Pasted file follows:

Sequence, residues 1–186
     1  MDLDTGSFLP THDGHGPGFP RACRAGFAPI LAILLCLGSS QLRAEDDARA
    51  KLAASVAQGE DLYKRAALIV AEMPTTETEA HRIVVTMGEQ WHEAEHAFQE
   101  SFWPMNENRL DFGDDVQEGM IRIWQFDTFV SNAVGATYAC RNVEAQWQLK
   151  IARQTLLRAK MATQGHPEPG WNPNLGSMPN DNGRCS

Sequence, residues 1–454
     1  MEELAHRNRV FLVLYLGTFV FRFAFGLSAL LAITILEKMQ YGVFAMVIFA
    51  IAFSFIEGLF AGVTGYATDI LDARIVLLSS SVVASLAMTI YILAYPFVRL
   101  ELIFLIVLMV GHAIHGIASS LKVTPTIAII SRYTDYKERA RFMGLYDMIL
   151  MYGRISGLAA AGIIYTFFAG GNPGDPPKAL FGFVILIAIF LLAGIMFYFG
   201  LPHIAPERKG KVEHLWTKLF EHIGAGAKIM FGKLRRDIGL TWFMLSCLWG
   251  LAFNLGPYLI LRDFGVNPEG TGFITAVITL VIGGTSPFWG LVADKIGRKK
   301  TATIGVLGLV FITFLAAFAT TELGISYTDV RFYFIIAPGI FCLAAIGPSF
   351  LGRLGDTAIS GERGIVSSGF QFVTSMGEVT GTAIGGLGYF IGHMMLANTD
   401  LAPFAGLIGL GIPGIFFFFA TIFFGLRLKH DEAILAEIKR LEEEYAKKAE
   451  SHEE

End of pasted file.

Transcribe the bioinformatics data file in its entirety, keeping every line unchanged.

Sequence, residues 1–186
     1  MDLDTGSFLP THDGHGPGFP RACRAGFAPI LAILLCLGSS QLRAEDDARA
    51  KLAASVAQGE DLYKRAALIV AEMPTTETEA HRIVVTMGEQ WHEAEHAFQE
   101  SFWPMNENRL DFGDDVQEGM IRIWQFDTFV SNAVGATYAC RNVEAQWQLK
   151  IARQTLLRAK MATQGHPEPG WNPNLGSMPN DNGRCS

Sequence, residues 1–454
     1  MEELAHRNRV FLVLYLGTFV FRFAFGLSAL LAITILEKMQ YGVFAMVIFA
    51  IAFSFIEGLF AGVTGYATDI LDARIVLLSS SVVASLAMTI YILAYPFVRL
   101  ELIFLIVLMV GHAIHGIASS LKVTPTIAII SRYTDYKERA RFMGLYDMIL
   151  MYGRISGLAA AGIIYTFFAG GNPGDPPKAL FGFVILIAIF LLAGIMFYFG
   201  LPHIAPERKG KVEHLWTKLF EHIGAGAKIM FGKLRRDIGL TWFMLSCLWG
   251  LAFNLGPYLI LRDFGVNPEG TGFITAVITL VIGGTSPFWG LVADKIGRKK
   301  TATIGVLGLV FITFLAAFAT TELGISYTDV RFYFIIAPGI FCLAAIGPSF
   351  LGRLGDTAIS GERGIVSSGF QFVTSMGEVT GTAIGGLGYF IGHMMLANTD
   401  LAPFAGLIGL GIPGIFFFFA TIFFGLRLKH DEAILAEIKR LEEEYAKKAE
   451  SHEE